Interview with 9News Denver!

  On November 15th, 2017 I was on TV for the first time! As part of 9News’ Addiction Week series I was interviewed as a survivor of Anorexia Nervosa. I shared my story of struggling with and recovering from an eating disorder in conjunction with an interview with Dr. Jennifer Gaudiani (MD CEDS, FAED) who spoke from the perspective of a medical professional in the field.   You can see the interview here. Please share!   I am extremely proud to be an advocate for recovery in such a powerful way. I have an intimate understanding of eating disorders. However, many people barely know what an eating disorder is, much less how to recognize an eating disorder in a loved one, have an awareness of the factors that can contribute to the development of an eating disorder, or what signs could mean that they are struggling with an eating disorder. My hope with sharing my story is that more people will know a little bit more about these terrible illnesses and that those who are struggling will know that recovery is possible.   I am also excited to share my story because these illnesses feed on isolation. By sharing my story I am breaking the silence around struggling with an eating disorder. I believe that moving out of the darkness facilitates healing…not only for the individual struggling or in recovery but also for the stigma surrounding mental health in our culture. I hope that by sharing my story others will be inspired to move into the light so that we may stand together, united and strong.   Below are some...
A Beautiful Mind, an Under-Toad, and Constant Vigilance.

A Beautiful Mind, an Under-Toad, and Constant Vigilance.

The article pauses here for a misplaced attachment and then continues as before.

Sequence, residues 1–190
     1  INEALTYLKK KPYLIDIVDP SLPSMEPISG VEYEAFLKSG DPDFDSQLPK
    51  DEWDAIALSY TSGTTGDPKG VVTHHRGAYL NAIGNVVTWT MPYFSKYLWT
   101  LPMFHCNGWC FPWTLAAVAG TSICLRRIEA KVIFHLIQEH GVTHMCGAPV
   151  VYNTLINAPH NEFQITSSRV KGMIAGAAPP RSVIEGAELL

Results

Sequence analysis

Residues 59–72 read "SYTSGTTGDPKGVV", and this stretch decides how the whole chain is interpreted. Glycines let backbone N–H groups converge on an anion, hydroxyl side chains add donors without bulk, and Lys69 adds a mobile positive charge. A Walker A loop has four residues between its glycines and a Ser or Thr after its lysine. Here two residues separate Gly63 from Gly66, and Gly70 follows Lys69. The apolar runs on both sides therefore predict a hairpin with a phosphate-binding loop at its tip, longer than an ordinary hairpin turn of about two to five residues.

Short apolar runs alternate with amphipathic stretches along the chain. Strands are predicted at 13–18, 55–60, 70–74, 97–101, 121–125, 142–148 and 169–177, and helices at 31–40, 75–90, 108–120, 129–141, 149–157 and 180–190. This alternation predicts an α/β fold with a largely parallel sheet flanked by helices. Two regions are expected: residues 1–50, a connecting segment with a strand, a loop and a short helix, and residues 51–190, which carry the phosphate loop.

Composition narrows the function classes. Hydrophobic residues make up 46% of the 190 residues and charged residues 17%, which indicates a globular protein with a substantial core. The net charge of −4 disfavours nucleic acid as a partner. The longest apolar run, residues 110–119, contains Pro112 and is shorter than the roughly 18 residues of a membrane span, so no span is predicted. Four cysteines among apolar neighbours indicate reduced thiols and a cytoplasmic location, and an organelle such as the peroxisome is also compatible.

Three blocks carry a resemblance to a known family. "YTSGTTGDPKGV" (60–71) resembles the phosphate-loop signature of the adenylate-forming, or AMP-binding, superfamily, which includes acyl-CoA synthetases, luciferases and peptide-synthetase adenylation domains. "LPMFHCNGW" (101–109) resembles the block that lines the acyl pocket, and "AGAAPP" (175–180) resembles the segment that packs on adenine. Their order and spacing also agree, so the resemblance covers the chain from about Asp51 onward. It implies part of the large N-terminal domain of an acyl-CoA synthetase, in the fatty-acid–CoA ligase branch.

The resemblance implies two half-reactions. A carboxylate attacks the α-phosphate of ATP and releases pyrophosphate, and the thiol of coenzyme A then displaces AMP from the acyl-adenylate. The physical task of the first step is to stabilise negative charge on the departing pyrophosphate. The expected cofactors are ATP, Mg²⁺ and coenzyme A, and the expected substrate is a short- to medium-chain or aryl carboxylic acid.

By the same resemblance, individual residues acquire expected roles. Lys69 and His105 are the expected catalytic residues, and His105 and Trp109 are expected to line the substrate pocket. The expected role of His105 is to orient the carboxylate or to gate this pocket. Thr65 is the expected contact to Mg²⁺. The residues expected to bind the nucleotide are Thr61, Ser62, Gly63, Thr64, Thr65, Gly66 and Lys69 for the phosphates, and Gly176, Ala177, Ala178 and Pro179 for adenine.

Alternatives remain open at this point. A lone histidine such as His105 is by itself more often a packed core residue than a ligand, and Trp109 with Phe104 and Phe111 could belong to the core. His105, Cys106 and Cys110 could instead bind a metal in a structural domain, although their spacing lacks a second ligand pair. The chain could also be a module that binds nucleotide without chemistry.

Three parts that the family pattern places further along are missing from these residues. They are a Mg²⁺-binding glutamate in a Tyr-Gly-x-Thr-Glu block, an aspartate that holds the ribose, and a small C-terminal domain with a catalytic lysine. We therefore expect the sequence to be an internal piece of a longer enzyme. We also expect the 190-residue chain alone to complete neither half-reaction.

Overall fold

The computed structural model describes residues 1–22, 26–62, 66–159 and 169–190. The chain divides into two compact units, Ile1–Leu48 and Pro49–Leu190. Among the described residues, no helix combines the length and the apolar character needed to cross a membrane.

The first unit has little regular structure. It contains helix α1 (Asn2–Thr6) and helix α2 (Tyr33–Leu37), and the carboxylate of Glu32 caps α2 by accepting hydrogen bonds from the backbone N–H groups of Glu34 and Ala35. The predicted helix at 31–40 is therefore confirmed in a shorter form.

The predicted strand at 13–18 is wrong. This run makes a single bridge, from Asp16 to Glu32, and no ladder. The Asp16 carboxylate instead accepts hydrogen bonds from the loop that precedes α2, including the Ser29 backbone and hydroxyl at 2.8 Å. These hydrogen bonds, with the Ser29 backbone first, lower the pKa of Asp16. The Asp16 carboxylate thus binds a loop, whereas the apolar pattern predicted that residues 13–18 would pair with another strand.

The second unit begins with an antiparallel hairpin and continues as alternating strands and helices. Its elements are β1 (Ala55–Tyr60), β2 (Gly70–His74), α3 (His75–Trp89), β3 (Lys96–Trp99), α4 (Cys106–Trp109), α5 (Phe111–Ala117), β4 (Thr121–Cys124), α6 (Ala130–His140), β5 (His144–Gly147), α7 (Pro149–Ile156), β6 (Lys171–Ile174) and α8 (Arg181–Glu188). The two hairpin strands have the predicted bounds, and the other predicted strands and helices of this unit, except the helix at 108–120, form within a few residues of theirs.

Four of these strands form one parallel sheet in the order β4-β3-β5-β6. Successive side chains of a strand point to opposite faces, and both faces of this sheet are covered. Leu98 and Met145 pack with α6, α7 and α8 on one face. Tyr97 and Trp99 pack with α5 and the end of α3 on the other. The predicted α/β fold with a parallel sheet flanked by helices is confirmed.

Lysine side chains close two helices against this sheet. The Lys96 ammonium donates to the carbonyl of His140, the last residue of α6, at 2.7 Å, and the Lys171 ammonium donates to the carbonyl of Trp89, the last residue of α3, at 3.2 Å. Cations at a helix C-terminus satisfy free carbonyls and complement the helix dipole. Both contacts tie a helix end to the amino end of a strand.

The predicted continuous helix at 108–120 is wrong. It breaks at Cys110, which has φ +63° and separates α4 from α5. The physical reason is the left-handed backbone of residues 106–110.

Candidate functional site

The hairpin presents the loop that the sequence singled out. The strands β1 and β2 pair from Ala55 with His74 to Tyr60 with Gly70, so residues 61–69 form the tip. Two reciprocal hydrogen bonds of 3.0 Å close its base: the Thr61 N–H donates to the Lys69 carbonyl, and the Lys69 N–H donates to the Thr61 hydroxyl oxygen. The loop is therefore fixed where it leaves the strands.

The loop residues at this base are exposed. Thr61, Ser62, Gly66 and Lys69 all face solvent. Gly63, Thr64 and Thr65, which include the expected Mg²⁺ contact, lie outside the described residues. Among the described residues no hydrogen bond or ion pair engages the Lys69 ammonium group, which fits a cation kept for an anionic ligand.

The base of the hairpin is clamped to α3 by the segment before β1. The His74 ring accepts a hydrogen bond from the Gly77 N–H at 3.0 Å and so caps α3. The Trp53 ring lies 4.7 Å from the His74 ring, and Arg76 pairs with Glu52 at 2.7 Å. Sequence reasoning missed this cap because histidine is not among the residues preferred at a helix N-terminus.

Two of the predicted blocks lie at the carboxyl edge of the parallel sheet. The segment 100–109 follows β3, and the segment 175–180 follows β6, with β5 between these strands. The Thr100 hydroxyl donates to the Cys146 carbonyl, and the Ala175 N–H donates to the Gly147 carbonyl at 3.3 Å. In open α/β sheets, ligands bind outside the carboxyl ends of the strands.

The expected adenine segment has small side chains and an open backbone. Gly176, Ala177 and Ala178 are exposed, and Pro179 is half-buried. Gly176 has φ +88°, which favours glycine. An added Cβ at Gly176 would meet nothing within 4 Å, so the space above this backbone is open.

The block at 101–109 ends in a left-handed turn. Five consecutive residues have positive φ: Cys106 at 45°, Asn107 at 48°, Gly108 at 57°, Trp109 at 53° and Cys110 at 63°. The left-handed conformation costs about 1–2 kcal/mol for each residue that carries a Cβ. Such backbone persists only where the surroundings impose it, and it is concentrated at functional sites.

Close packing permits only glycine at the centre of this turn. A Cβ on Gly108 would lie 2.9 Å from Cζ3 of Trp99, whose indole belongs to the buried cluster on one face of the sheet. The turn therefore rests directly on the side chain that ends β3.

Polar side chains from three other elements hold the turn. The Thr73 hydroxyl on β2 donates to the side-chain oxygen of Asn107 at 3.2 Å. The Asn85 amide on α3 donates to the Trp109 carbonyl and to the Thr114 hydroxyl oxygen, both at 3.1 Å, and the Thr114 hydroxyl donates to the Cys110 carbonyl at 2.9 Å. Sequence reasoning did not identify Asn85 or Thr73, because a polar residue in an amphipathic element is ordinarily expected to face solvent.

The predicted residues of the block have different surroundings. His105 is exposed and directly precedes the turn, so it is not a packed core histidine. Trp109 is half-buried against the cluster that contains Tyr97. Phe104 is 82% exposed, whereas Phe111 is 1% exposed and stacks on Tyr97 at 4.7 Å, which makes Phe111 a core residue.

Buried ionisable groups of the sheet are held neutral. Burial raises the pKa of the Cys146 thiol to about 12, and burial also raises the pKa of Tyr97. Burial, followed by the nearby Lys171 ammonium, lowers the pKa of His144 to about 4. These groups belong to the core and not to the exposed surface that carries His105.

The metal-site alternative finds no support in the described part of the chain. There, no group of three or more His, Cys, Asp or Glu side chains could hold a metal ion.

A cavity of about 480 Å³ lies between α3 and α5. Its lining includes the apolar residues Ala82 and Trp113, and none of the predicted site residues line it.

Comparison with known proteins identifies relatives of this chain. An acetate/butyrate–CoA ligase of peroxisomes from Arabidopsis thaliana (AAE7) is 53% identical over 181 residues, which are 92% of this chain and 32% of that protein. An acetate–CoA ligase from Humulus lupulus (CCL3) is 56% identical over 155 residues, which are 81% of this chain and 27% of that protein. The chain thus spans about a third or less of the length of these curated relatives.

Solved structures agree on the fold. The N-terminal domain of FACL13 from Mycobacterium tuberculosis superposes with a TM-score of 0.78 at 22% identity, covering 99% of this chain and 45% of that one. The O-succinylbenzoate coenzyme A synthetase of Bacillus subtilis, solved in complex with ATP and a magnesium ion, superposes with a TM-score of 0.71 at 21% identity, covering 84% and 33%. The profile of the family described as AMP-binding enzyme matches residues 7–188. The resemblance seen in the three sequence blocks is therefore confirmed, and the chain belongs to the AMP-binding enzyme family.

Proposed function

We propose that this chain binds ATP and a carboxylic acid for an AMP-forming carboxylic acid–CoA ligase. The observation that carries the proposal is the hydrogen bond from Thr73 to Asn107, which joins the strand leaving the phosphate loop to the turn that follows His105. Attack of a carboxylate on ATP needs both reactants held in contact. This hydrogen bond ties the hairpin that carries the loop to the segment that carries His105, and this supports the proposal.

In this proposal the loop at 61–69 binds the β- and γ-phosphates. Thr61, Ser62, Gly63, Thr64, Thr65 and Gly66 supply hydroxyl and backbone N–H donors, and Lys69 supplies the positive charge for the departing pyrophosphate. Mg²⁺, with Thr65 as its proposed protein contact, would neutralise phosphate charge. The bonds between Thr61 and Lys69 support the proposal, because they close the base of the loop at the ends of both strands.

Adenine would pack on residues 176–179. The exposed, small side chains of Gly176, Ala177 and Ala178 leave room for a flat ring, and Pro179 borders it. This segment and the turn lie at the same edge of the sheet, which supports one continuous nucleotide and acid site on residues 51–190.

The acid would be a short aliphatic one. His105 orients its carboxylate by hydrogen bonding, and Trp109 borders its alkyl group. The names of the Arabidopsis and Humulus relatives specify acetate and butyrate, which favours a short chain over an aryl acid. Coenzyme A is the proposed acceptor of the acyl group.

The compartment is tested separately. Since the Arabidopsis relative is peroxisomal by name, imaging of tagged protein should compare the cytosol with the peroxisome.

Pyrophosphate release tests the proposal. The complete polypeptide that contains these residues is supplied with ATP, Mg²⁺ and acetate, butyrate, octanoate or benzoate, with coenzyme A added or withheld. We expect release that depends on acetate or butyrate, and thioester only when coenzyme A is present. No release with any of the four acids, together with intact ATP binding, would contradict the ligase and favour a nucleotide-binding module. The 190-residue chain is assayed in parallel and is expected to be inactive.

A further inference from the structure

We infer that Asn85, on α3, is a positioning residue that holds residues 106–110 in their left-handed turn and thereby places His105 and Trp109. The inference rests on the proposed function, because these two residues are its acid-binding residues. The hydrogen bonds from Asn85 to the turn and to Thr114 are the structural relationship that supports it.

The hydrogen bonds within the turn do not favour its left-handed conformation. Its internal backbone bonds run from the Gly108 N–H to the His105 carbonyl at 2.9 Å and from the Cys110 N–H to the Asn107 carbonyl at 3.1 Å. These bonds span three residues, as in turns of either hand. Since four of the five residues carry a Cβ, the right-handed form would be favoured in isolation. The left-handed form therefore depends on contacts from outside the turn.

Spoiler Alert! This post contains plot information from A Beautiful Mind. It is an amazing movie! If you have not seen it, go watch it and then come back to read this post.     A Beautiful Mind, an Under-Toad, and Constant Vigilance.   In the movie A Beautiful Mind the main character, John Nash, sees characters that are his schizophrenia manifested in “human” form as hallucinations that only he can experience. It takes John (and his audience) awhile to realize that these seemingly real figures are actually figments of his imagination. These people he sees and has complex relationships with have been created by his mind to cope with his reality. Towards the end of the film Nash says, “I still see things that are not here. I just choose not to acknowledge them.” With these words Nash is showing not only that he has developed an awareness of the hallucinatory figures but also that he now understand that he has the power of choice. John knows that although he may be unable to eliminate these characters from the landscape of his mind, he can choose whether or not to engage with them. He has realized that he can ignore the hallucinations; he can deny his demon’s power.   I have a character in my life similar to John Nash’s hallucinatory friends. His name is Ed. He is like a shadow I never asked for, who burgeoned in my late teens and attached himself to me for life. Mostly, Ed is a voice of abstract thoughts and beliefs. However, when I imagine him in a physical form he...